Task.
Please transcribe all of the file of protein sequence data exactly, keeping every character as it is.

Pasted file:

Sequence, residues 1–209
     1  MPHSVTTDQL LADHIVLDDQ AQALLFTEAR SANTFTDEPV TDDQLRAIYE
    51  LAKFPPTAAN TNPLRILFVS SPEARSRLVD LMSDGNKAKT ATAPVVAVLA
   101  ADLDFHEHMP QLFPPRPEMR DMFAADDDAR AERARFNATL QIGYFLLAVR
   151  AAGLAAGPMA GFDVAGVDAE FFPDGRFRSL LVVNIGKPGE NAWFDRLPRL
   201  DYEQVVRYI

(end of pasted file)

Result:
Sequence, residues 1–209
     1  MPHSVTTDQL LADHIVLDDQ AQALLFTEAR SANTFTDEPV TDDQLRAIYE
    51  LAKFPPTAAN TNPLRILFVS SPEARSRLVD LMSDGNKAKT ATAPVVAVLA
   101  ADLDFHEHMP QLFPPRPEMR DMFAADDDAR AERARFNATL QIGYFLLAVR
   151  AAGLAAGPMA GFDVAGVDAE FFPDGRFRSL LVVNIGKPGE NAWFDRLPRL
   201  DYEQVVRYI